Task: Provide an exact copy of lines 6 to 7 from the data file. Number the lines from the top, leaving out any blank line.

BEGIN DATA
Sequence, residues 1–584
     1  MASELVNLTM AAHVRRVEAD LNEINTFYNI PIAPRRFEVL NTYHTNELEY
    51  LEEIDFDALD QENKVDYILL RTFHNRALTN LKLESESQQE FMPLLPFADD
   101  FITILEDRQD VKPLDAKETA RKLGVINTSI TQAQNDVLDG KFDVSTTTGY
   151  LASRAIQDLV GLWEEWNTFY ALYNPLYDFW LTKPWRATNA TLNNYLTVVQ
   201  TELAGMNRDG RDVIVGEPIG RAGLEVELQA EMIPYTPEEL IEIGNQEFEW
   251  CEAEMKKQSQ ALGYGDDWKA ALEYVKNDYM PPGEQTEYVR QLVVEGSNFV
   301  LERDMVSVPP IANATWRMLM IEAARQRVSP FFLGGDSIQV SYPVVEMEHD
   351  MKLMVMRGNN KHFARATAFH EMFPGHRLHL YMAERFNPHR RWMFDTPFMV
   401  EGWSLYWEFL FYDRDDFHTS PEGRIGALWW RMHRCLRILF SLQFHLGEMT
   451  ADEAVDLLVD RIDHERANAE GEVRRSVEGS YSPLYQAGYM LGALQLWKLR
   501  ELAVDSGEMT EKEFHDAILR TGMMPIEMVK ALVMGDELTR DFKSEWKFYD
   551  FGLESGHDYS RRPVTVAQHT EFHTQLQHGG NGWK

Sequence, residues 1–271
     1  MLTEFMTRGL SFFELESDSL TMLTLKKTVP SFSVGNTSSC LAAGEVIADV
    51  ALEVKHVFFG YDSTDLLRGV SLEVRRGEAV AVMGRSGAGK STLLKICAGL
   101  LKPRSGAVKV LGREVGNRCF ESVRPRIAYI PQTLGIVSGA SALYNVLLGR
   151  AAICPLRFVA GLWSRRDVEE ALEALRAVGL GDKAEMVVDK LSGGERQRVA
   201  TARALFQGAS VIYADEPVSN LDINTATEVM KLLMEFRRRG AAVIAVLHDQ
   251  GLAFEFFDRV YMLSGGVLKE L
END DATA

   201  TELAGMNRDG RDVIVGEPIG RAGLEVELQA EMIPYTPEEL IEIGNQEFEW
   251  CEAEMKKQSQ ALGYGDDWKA ALEYVKNDYM PPGEQTEYVR QLVVEGSNFV